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Central Monmouth Development Co. v. Kelly

A-5365-01T3 (N.J. Super. App. Div. 2003) (Unpublished)

GUARANTIES—Where a guaranty has a limit as to enforceability against a particular asset of the guarantor, no judgment for the guaranteed debt may be executed or levied against that particular asset either.

A homeowner personally guaranteed a commercial lease. Under the terms of the guaranty, the landlord agreed it would not execute against the guarantor’s home. After the guaranty was executed and after the homeowner became liable under the guaranty, he transferred the house to his daughters. His daughters gave him the right to occupy the home and also granted him full power of attorney to deal with the property. Two years after the transfer, the landlord obtained a monetary judgment against the homeowner, pursuant to the guaranty. Between the time of the transfer and the time the judgment was issued, the homeowner filed for bankruptcy under Chapter 13. He did not list the landlord as a creditor. Utilizing the power of attorney, he obtained a refinancing loan and used the net proceeds to satisfy his Chapter 13 Plan obligations. That resulted in a Chapter 13 discharge.

The landlord argued that the transfer to the daughters was fraudulent in that it was made at a time when the homeowner’s obligation was unsatisfied. Both the lower court and the Appellate Division rejected the landlord’s claim because of the limitation in the guaranty against executing against the home itself. The landlord tried to argue that it had the right to maintain a judgment lien even if it couldn’t be executed upon. The lower court, with the Appellate Division’s approval, said that the judgment lien obtained by the landlord could give the landlord no greater rights in the residence than the landlord had when the lease guaranty was limited by its exception.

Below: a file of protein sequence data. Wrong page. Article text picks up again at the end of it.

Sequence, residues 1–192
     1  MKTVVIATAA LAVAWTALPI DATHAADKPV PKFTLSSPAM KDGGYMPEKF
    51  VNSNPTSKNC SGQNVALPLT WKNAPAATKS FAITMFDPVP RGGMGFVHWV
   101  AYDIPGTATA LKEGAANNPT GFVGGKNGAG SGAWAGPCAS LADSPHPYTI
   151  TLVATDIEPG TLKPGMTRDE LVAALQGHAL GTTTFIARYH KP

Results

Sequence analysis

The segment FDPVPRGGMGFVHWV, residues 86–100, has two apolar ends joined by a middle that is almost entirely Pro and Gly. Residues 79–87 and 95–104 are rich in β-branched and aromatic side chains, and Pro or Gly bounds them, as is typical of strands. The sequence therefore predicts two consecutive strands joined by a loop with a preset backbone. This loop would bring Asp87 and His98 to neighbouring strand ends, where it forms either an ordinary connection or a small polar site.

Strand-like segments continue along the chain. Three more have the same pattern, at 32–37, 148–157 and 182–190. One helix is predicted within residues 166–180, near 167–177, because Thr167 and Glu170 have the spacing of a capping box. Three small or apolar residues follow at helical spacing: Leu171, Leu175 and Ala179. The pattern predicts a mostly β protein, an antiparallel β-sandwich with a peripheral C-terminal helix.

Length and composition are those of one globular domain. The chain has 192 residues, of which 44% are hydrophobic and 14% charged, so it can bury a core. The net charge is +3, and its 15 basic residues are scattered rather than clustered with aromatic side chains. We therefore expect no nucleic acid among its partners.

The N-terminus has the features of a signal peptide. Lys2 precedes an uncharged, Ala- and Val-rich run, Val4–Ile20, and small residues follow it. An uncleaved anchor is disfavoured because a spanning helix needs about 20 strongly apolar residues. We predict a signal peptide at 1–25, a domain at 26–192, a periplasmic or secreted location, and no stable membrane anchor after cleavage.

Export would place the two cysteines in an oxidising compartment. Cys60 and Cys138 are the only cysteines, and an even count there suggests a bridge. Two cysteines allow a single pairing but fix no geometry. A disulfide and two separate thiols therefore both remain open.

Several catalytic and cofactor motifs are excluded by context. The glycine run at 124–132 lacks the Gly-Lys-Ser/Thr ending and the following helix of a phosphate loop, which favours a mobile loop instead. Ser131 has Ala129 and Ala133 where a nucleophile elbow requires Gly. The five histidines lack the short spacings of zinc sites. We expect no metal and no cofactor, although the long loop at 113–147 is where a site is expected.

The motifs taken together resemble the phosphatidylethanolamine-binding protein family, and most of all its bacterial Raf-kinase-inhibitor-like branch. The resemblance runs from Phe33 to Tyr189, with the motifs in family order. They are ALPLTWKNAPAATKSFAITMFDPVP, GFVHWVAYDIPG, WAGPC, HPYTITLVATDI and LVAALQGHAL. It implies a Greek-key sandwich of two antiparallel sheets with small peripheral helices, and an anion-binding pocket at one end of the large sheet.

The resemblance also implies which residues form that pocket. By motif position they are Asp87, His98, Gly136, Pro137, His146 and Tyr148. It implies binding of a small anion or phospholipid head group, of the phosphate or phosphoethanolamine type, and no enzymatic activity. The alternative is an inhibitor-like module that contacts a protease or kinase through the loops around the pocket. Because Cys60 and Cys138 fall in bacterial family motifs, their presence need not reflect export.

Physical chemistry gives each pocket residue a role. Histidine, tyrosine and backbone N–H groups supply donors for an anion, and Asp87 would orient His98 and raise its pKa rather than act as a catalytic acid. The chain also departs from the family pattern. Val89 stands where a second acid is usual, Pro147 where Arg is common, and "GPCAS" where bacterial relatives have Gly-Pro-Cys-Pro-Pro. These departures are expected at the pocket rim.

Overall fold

The Appellate Division was disturbed that the landlord did not receive notice of the Chapter 13 proceeding. Also, the homeowner did not list the home as a possible asset in the Chapter 13 proceeding. This meant that the landlord, as well as the bankruptcy trustee and other creditors, “were deprived of being able to urge that the house was transferred in fraud of the Bankruptcy Court and that they were entitled to inclusion of that property within the assets subject to the satisfaction of claims in that proceeding. According to the Court, the landlord’s inclusion as a creditor “in that sense would not have violated the non-execution clause because the funds so realized would not have been by way of execution.” For that reason, the matter was remanded to the lower court for further proceedings.

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